(In Mandarin): [For vernacular speech, please refer to Appendix A *.] As the Chinese saying goes, 不孝有三，無後為大 (Bu Xiao You San, Wu Hou Wei Da) which means, "There are three unfilial acts, the greatest is not to have a son." This is an important concept in a traditional and oriental society like ours. Parents are hoping that their sons will have wives and their daughters will be married, and the children also understand that it is an obligation for them to get married and have children. Nevertheless many people choose to marry late, not to get married, or not to have children, and for some it remains solely a personal choice. There are many reasons, but one reason is that they are homosexuals.
I have some homosexual friends and most of them do not want to make public the fact about their sexual inclination, because Singapore is after all a more conservative society. They will only confide with their close friends, colleagues and siblings. More often than not, parents are the last to know. Especially for those who are male homosexuals, the gays, they will not be able to have children and they do not know how to live up to their parents' expectations. A friend of mine did not have the courage to tell his parents. And only after his father had passed away that he disclosed his secret at his father's coffin. Even now the mother does not know about it.
When parents find out that their children do not like the opposite sex, their immediate reaction is that of shock, sadness, shame, anger or remorse, and they try to find out what has gone wrong - why their children had become homosexuals. Some of the parents chose to run away from reality and one of my friend's mother had gone to the temple to pray, she came back with a charm mixed with water, with the hope that after drinking it, it will cure the son. They do not know what to do and some of them even chase their son out of the house, but if they were to take time to think it through calmly, I do not believe that they will charge their son in court and send him to prison for two years.
I have a friend who is the only child in the family. His mother still could not fully accept the fact that her son does not have any interest in the opposite sex. She was more worried that her son may be sentenced to jail being a homosexual. However, she is the person that knows him best, she knows that her son is very filial and obedient; he is a law-abiding citizen and a successful professional. Also, she has known the "boyfriend" of her son for many years and knows they do not have a promiscuous lifestyle.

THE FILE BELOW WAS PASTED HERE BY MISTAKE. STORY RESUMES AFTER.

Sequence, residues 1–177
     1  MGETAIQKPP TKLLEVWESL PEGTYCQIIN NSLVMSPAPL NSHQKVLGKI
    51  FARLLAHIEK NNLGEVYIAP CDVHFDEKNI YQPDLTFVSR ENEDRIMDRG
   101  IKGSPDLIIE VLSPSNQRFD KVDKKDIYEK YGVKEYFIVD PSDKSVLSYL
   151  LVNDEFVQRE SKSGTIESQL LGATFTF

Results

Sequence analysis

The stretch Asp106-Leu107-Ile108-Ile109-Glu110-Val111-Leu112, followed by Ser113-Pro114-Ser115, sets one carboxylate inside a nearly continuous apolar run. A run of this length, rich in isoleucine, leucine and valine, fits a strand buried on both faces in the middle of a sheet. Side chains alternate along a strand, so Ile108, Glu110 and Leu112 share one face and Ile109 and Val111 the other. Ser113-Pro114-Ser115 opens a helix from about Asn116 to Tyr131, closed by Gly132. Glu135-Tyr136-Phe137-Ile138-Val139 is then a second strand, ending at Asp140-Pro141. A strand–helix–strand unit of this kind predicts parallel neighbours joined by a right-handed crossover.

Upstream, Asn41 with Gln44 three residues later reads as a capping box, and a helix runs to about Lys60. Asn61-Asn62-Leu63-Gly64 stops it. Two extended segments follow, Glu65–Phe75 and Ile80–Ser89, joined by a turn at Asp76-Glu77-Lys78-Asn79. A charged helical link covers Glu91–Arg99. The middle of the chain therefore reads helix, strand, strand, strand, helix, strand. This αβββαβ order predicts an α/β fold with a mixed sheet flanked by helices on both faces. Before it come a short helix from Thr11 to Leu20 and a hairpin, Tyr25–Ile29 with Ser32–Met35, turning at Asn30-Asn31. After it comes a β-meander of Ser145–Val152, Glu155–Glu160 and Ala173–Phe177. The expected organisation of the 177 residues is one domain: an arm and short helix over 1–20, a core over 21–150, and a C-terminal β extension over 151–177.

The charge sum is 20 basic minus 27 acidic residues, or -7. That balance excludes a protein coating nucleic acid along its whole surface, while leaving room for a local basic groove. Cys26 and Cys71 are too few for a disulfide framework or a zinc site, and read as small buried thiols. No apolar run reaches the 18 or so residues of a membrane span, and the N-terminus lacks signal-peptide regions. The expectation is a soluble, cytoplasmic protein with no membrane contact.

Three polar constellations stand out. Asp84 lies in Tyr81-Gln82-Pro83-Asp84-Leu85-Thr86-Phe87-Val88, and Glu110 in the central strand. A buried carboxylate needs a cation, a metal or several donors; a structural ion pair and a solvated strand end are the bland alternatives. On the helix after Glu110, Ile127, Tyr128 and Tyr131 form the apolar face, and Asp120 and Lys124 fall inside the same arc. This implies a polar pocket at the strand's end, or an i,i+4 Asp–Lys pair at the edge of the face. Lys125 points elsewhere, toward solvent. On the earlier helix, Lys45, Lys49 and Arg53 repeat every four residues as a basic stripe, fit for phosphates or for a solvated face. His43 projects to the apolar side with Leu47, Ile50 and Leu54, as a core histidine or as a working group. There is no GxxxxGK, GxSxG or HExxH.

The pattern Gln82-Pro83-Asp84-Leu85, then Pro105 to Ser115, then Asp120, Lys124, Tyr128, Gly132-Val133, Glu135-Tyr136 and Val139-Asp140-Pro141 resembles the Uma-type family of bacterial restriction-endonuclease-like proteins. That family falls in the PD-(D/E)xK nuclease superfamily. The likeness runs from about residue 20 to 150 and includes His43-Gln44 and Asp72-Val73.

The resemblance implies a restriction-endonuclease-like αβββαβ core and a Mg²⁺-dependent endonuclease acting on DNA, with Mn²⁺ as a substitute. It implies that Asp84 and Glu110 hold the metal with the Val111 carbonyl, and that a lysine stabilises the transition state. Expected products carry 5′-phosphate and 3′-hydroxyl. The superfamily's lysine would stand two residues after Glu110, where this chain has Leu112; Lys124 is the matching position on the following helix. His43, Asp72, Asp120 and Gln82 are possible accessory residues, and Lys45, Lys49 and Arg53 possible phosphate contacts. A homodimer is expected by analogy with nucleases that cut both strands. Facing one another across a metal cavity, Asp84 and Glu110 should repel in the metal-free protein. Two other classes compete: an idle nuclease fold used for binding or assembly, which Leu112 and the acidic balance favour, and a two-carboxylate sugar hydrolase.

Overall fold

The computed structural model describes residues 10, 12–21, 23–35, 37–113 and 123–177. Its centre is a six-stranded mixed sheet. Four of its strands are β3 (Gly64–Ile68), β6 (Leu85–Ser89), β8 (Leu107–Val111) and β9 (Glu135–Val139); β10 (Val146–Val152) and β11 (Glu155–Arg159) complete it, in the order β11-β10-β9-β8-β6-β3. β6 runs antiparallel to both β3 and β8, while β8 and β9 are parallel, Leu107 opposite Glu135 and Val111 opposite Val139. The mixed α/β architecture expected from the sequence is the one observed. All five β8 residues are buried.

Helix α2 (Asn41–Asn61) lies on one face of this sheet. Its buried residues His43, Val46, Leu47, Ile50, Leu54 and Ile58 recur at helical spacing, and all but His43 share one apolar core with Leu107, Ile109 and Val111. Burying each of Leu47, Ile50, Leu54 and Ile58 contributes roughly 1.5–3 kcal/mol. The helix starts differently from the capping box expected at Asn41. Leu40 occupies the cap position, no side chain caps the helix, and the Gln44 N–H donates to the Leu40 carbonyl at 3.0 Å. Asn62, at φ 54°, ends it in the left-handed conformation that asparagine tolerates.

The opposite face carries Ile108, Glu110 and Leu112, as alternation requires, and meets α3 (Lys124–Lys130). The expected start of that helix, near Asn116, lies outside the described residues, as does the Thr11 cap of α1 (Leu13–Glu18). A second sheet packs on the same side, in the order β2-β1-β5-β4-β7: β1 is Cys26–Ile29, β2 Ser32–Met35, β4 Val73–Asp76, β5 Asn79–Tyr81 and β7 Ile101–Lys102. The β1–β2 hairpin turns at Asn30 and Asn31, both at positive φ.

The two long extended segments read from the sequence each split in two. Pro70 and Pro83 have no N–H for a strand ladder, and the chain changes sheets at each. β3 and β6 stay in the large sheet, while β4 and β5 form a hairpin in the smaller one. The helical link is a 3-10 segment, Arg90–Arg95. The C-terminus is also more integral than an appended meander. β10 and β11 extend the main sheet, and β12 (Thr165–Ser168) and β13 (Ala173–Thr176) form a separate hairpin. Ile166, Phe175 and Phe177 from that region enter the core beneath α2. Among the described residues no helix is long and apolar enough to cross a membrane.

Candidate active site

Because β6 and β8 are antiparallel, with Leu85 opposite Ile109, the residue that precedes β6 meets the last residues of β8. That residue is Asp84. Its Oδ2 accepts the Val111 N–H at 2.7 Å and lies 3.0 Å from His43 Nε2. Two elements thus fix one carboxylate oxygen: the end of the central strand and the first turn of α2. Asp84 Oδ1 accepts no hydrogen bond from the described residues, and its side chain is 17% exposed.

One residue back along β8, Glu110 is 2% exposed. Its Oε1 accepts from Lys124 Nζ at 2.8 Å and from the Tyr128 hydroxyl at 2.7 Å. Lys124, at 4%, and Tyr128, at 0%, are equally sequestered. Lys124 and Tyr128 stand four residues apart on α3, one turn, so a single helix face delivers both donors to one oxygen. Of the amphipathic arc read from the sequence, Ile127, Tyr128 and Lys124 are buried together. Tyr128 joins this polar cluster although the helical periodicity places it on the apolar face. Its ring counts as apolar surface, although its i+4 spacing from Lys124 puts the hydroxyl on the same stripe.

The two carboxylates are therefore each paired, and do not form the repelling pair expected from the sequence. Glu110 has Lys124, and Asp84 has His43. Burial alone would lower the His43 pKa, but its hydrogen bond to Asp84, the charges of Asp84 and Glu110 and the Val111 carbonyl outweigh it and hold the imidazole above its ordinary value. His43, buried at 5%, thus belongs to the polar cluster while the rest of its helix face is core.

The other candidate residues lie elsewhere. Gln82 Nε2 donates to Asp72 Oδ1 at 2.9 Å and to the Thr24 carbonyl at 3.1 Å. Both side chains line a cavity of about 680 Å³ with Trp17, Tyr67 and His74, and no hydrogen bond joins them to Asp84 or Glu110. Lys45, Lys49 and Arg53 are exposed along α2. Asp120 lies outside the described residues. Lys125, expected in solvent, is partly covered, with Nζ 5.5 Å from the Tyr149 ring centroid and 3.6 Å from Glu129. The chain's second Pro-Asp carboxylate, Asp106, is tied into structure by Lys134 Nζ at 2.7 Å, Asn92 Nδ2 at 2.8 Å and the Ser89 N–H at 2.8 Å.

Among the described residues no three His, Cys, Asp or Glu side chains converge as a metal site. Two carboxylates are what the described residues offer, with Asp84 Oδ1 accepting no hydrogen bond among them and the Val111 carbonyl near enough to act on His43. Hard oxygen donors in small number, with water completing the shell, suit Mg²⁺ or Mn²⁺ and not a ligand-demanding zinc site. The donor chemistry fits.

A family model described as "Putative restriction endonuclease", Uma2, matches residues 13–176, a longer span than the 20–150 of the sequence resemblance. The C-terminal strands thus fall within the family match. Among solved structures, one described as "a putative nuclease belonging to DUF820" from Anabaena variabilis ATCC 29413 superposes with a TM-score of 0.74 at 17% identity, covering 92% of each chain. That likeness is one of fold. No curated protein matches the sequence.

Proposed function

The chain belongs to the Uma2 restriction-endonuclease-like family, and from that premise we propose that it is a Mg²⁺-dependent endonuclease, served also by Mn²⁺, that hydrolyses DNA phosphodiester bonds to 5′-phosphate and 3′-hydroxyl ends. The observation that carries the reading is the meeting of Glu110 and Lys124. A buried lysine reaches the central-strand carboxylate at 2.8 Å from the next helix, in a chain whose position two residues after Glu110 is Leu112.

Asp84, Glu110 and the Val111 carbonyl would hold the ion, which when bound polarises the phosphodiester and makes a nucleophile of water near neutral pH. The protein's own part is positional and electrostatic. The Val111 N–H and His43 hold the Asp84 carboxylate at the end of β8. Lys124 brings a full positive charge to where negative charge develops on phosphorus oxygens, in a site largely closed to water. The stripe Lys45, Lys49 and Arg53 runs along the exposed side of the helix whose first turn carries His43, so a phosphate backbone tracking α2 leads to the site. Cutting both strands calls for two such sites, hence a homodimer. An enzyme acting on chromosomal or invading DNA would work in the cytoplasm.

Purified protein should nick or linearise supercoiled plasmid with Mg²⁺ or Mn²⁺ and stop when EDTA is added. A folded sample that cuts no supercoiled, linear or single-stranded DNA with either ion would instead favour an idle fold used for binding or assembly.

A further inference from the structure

As parents, we are often the best judges of our children's character. Having a different sexual orientation from the others does not mean that they have committed a heinous crime and therefore should be criminalised.
Back in English
Back to my hypothetical scenario, we will also say that we introduce section 377A as a symbol that the society is conservative and that we do not want to go down a slippery slope to see public display of affection between men, the fight for gay rights and gay marriages. For seven years, I have lived in London, a city that legalised consensual homosexual sex 40 years ago in 1967. I am hence surprised to recollect my time there and I have not ever seen any such behaviour or intimacy between two men in public whilst I was there. Perhaps I have not been to the right places, but I have not indeed seen anyone before my eyes.
Perhaps we are afraid that the slope will be more slippery in Singapore. After all, we have a track record of taking a more progressive stance in some areas, such as stem cell research and digital rights, leading the way, so to speak.
We take into account the change of times and lifestyles. For example, section 376E on sexual grooming of minors is farsighted nip in the bud. Times have changed and our attitudes towards different crimes and their punishments have evolved as well.
Should the law reflect the general or popular opinion or should it set up a framework to steer the way of thinking and behaviour of its citizens, residents and visitors? It is clear that we have chosen to take the former approach in this case.